If you’re able to close your smaller deals faster, then use these extra hours or days that these particular jobs are taking up (and getting paid for) to dedicate more time and energy to closing larger deals as well, they’ll pay off sooner or later!
And lastly, relationships.
Building relationships with customers is an important step in the sales process. Creating and nurturing close connections will help you get more out of your average deal size.
3- Optimize conversions
Did you know that someone who doesn’t buy from you could be doing it for several reasons?
Maybe they found another company with what they wanted or your service isn’t the best choice for their needs or budget.
Whatever the reason, if you want to increase your sales and profits, you need to figure out why people are exiting your pipeline, therefore, take appropriate action. You might think that you have a great product and service, but it doesn’t matter if the customer does not understand how your solution will help them solve their problem.
Make sure to conduct a deep sales discovery to get insight into what the customer is seeking so that you can present your business as an answer. Match all of their needs with one of our attributes and emphasize the dangers of inaction or solution benefits.
Remember that your sales process and the buyer journey are so closely related, it’s hard to tell where one starts and the other ends.
Don’t worry about trying to predict what a customer will do next–those predictions are often inaccurate. Instead, focus on being patient with customers as they make their way through the journey to making a buying decision.
4- Shorten the length of the sales cycle
Selling to customers is one of the most important parts of any sales job.
Understanding that every customer and business will be different can help you better know how to approach them. Some customers will need a lot more convincing, while others may make decisions faster or at an earlier stage than others.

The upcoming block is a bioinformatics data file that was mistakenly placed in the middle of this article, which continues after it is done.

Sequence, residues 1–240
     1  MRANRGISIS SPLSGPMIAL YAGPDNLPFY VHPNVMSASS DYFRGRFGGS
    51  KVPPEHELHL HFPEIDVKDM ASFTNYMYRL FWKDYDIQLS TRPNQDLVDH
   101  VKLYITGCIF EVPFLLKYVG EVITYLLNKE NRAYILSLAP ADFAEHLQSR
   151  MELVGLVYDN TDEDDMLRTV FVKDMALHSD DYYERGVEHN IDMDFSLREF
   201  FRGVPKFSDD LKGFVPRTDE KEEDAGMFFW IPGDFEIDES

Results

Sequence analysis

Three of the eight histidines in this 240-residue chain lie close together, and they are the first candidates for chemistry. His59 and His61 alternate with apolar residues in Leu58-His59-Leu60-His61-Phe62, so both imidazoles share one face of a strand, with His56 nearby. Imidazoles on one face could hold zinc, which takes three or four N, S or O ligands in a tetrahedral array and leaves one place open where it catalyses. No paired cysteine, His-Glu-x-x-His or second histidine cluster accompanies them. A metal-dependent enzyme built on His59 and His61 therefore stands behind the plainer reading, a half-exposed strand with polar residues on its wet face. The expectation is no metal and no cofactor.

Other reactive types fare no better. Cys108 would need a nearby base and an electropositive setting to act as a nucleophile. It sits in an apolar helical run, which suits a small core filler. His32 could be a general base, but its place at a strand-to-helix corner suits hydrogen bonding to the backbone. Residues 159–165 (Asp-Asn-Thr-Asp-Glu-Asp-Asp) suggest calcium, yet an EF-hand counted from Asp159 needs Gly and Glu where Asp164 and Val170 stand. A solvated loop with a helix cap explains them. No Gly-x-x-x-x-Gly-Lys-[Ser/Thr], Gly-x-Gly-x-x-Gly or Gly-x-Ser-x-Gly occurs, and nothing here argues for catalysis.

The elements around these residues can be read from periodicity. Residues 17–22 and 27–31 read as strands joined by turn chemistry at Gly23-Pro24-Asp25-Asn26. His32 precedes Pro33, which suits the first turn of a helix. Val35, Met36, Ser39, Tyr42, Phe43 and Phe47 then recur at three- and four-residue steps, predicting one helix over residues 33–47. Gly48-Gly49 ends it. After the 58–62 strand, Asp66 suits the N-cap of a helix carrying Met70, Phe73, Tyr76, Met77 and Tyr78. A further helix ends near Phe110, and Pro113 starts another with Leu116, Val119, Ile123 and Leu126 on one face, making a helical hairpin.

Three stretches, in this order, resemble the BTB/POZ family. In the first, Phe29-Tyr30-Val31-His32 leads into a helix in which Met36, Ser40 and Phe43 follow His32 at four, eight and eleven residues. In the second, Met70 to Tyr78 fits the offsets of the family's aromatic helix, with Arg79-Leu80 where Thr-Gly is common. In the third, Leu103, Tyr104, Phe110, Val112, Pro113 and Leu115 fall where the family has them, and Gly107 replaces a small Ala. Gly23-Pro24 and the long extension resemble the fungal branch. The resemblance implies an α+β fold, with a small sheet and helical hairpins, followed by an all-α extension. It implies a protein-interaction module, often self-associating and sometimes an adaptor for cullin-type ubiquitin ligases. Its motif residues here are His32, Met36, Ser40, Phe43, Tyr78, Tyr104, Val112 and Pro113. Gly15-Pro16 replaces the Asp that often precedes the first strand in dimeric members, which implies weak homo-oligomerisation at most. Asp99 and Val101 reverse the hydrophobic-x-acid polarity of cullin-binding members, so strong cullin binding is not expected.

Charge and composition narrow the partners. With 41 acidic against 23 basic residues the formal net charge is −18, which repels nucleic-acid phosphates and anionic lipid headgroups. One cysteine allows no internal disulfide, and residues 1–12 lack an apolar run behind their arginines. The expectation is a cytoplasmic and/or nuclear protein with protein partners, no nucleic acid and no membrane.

When a customer reaches out to you, avoid being slow to respond. If they are qualified leads and need information from you right away, make it your priority to help them as soon as possible. When the lead is further along in the sales process and wants more information about their objections, make sure to get back to them ASAP so that both of you can move forward.
Another way to shorten your sales cycle is by always having relevant content ready. Blogs, how-to guides, and product overviews should all be accessible so that customers can find the information they need without waiting for a response back and forth.
This strategy will save time as you avoid going back and forth with questions/answers from customers. Not only do you save time, but you also allow your customer to get their answer faster which is important in the fast-paced world we live in today.
As a business, your sales velocity speaks directly to its success.
If you’re efficiently moving prospects through the pipeline and converting them into closed-won deals, you’re going to have a higher sales velocity. The faster you sell the better.
So, make sure you pay close attention to sales velocity and the four factors that affect it.
It’s not always easy to determine what will make your sales velocity spike. But, once you know, the sky is the limit, and success isn’t far-off.
Frequently Asked Questions
How can I calculate sales velocity?
To calculate sales velocity, multiply the number of opportunities, average deal value, and win rate altogether, and then divide this number by the length of your average sales cycle.Although it differs according to industry, location, and company; account managers get paid better than customer success managers simply because it’s sales and there are incentives for being successful.
What does Velocity mean in business?
Sales velocity is a measurement of how quickly your business is making money.
What is Sales Pipeline Velocity?
In the case of a pipeline, the equation is:
The number of sales-qualified leads in your pipeline times the overall win rate percentage of your sales team times the average deal size (in dollars) divided by your current sales cycle in days.